Hunt for Lotus founder's first car begins

Colin Chapman's first creation was a modified Austin 7 that he used in competition. In 2018 Lotus is celebrating its 70th anniversary, but needs your help to track down the Mark I

It’s important to know where you come from, especially if you’re a brand with an extraordinary history such as Lotus. The Hethel-based marque is celebrating its 70th birthday in 2018 and wants to track down the car that started it all, but Lotus needs your help to find Colin Chapman’s long-lost creation.

More on Lotus

The Lotus Mark I was based upon an Austin 7, as so many competition cars were back in the 1940s, but the innovative Colin Chapman extensively modified the car for competition. Applying his training as an engineer, he got to work strengthening the chassis and creating lightweight bodywork for his car. Hand-built in a small London garage owned by his future wife’s parents with her help, the Mark I served as a proof of concept for Chapman’s engineering ideas.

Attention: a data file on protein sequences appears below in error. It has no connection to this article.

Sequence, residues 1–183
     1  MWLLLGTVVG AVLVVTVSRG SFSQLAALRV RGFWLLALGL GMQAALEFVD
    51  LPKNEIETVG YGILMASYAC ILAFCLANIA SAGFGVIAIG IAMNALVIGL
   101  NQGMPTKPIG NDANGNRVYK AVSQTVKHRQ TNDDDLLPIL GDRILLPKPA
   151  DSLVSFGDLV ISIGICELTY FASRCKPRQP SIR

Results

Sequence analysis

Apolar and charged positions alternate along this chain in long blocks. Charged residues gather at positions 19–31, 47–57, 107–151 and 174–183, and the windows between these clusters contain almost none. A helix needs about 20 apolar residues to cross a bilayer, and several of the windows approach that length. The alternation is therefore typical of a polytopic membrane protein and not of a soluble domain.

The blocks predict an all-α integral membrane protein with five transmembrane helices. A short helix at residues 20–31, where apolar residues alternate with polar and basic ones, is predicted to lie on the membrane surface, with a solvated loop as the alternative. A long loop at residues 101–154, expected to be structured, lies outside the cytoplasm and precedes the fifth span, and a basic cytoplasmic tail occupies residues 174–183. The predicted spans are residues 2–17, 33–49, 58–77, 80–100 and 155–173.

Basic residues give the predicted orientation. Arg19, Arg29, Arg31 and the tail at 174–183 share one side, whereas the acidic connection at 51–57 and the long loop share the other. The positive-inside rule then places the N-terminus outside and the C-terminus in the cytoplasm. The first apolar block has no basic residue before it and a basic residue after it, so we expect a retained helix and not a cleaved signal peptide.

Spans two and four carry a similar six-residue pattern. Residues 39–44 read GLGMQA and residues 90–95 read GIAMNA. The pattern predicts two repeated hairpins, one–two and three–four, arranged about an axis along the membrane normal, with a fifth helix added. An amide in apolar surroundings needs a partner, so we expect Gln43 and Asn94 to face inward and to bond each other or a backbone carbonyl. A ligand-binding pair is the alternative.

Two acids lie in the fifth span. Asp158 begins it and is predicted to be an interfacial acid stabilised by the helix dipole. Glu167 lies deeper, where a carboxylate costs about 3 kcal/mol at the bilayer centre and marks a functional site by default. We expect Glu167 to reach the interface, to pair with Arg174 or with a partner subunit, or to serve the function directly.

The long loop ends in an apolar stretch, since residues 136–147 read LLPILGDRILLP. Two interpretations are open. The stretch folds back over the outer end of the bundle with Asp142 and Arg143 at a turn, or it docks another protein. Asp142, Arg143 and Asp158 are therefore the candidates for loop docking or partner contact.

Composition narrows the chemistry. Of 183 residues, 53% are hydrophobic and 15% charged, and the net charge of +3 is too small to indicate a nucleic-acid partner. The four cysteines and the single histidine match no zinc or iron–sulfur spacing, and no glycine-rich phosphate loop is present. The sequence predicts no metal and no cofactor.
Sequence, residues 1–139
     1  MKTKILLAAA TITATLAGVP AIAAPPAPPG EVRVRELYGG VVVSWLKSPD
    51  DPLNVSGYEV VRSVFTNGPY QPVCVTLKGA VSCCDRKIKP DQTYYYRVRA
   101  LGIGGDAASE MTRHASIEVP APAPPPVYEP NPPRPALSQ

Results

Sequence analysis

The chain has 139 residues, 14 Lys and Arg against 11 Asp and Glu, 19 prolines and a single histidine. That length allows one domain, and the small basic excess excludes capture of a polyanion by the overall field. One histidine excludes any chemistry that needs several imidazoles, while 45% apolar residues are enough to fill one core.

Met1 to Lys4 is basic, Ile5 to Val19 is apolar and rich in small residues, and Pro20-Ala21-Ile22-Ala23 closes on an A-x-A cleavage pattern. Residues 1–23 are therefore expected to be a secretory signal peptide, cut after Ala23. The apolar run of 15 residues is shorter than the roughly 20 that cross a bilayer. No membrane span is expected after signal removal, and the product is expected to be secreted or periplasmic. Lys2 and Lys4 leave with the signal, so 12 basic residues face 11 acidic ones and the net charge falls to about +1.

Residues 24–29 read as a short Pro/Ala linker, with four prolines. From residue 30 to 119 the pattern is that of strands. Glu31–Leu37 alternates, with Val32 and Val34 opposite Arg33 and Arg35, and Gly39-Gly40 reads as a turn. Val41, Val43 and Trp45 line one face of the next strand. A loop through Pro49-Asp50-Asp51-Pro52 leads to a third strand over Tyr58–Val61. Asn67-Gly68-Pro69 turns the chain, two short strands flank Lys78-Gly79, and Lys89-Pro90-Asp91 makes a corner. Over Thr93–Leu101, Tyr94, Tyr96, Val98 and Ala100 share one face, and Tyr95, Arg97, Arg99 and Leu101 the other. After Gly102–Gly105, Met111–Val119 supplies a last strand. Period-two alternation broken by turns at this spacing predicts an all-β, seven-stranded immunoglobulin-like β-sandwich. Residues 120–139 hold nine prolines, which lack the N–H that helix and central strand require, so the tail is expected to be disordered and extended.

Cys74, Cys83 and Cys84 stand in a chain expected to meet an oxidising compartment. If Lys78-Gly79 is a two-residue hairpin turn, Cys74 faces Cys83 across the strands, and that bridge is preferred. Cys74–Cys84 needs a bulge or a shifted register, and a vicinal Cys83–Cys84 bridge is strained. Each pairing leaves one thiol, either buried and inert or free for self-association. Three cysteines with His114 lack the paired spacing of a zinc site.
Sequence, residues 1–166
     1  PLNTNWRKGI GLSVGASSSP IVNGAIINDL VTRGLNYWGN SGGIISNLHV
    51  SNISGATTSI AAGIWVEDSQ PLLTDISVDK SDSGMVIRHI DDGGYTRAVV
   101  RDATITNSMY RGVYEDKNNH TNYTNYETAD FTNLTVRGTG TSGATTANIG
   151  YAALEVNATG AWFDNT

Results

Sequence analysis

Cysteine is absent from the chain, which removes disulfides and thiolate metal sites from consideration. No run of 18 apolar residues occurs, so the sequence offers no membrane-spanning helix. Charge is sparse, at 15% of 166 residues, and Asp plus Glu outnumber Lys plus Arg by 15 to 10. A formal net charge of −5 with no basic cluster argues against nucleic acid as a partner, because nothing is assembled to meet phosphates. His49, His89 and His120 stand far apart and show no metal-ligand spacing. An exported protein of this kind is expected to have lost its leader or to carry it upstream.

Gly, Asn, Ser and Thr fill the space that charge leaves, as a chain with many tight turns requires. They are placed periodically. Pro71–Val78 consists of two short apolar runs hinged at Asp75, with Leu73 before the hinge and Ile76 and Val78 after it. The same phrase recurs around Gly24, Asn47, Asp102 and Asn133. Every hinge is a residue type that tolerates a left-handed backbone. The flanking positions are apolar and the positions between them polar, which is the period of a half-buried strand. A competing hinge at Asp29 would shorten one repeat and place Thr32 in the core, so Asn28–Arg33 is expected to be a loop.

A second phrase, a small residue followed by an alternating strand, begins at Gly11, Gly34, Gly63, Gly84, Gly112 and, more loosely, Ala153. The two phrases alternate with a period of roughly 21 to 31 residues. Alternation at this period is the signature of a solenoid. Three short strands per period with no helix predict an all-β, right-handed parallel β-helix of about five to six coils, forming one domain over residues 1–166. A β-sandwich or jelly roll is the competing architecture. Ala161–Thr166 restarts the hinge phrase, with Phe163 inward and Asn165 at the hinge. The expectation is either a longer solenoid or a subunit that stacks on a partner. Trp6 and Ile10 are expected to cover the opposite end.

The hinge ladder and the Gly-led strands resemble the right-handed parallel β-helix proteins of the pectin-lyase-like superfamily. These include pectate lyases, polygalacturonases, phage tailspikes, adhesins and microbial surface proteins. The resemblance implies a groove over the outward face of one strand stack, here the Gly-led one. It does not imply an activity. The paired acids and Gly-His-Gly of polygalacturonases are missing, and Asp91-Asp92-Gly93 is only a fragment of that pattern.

Continually modified, the Mark I also sported several different colours, going from bare metal to white, then red. Chapman soon started work on a Mark II car using lessons learned from the original.

While there’s plenty of documentation and pictures of the car in action, all we know is that Colin sold it in November 1950 for £135 to someone in the north of England. Despite Lotus’ best efforts, it hasn’t been able to track this pivotal piece of history down, but that’s where you come in. The hope is that a public search for the car might find it in the corner of an old garage or tucked away with the current owner not fully knowing of the car’s history.

Colin Chapman’s son, and director of Classic Team Lotus, Clive Chapman is joining the search.

“It’s the first time that my father was able to put his theories for improved performance into practice when designing and building a car. To locate this landmark Lotus, as we celebrate the 70th anniversary, would be a monumental achievement," he said.

"We want fans to take this opportunity to look in every garage, shed, barn and lock up they’re allowed to. It’s even possible that the Mark I was shipped from the UK, and we’d love to know if it survives in another country.”

It would be a fairytale if fans of Lotus were responsible for finding the founder’s car in the brand’s 70th year, so get searching! And if you do find it, get in touch with Lotus here.

Classic Cars for Sale